The supply-siders failed us all by not making a case against leviathan government. They never put forth a coherent voice addressing the key political question that our founding fathers grappled with at the constitutional convention: What should government do? The founders, such as John Adams and Madison, understood the suicidal tendencies of democracy and concluded that our liberty and prosperity depended on keeping government small and limited (see Ninth and Tenth Amendments); the supply-siders, by contrast, have been largely silent about the proper scope of government. Nor have they examined the question of the proper size of government from a more practical, utilitarian standpoint by asking the question: What does government do well? The answer to that question suggests a far more modest, constrained role for government.
What the supply-siders never realized was that supply-side economics has
been eclipsed by supply-side politics. The supply-side insight that supply
creates its own demand (Say’s Law) is every bit as true in the political realm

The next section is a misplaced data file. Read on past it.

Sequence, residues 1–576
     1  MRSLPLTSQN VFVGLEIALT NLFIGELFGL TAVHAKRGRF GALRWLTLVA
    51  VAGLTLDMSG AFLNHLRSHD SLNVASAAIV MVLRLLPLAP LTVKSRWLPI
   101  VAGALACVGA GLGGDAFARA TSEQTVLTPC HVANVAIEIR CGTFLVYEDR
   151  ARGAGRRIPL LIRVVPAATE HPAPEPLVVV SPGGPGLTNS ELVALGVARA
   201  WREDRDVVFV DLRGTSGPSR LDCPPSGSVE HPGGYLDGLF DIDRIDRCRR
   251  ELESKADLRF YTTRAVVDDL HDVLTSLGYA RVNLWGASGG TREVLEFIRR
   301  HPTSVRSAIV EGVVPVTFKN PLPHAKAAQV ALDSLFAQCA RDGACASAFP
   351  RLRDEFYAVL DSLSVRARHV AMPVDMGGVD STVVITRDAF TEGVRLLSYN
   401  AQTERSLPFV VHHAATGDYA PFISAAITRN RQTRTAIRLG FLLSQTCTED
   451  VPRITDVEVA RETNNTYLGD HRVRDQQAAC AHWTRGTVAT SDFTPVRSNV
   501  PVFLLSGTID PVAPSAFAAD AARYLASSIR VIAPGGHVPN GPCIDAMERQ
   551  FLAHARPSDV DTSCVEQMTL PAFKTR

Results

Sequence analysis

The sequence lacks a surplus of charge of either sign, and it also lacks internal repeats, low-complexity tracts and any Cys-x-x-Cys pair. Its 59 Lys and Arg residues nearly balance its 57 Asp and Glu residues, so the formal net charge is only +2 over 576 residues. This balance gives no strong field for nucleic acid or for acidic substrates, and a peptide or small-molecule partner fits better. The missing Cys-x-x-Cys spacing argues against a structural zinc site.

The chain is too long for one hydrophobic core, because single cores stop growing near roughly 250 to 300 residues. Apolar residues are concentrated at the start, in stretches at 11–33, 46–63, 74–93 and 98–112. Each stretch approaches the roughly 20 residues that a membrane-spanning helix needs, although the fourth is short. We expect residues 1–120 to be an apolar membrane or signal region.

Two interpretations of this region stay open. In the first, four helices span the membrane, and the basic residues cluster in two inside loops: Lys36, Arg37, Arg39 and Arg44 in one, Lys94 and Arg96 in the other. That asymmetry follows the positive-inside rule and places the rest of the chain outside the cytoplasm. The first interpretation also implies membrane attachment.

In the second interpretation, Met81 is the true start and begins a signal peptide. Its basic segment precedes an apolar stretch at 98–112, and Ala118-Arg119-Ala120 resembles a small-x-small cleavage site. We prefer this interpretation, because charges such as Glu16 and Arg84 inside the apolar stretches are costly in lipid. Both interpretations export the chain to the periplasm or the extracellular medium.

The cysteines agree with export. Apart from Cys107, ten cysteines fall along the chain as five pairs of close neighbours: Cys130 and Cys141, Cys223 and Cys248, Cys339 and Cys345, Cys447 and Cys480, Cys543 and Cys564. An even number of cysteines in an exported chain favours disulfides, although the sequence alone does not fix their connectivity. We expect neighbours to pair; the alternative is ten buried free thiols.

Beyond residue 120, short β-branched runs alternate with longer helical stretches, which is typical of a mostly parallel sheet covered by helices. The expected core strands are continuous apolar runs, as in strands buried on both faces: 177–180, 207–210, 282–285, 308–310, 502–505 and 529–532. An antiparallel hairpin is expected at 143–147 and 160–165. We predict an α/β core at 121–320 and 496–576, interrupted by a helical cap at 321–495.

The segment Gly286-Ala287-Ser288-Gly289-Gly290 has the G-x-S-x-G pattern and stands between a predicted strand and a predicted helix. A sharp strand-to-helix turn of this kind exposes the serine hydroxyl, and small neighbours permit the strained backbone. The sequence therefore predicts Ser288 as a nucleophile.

as in the economic. By making their services available to those who seek to
transfer wealth from other citizens to their own benefit, politicians have
tapped into a rich vein of political support.
Indeed, by supplying the service of enriching people
through the political process, politicians have unleashed a powerful tsunami of
demand for that service, and so government spending has continued to grow,
impairing economic growth. Unless we find a way to break
free from this self-destructive dynamic, our fiscal situation will someday come
to be seen as hopeless as Greece’s today. Will the next generation of
supply-side economists make amends for their predecessors’ negligence and stand
forth to be counted in this existential battle? We shall see.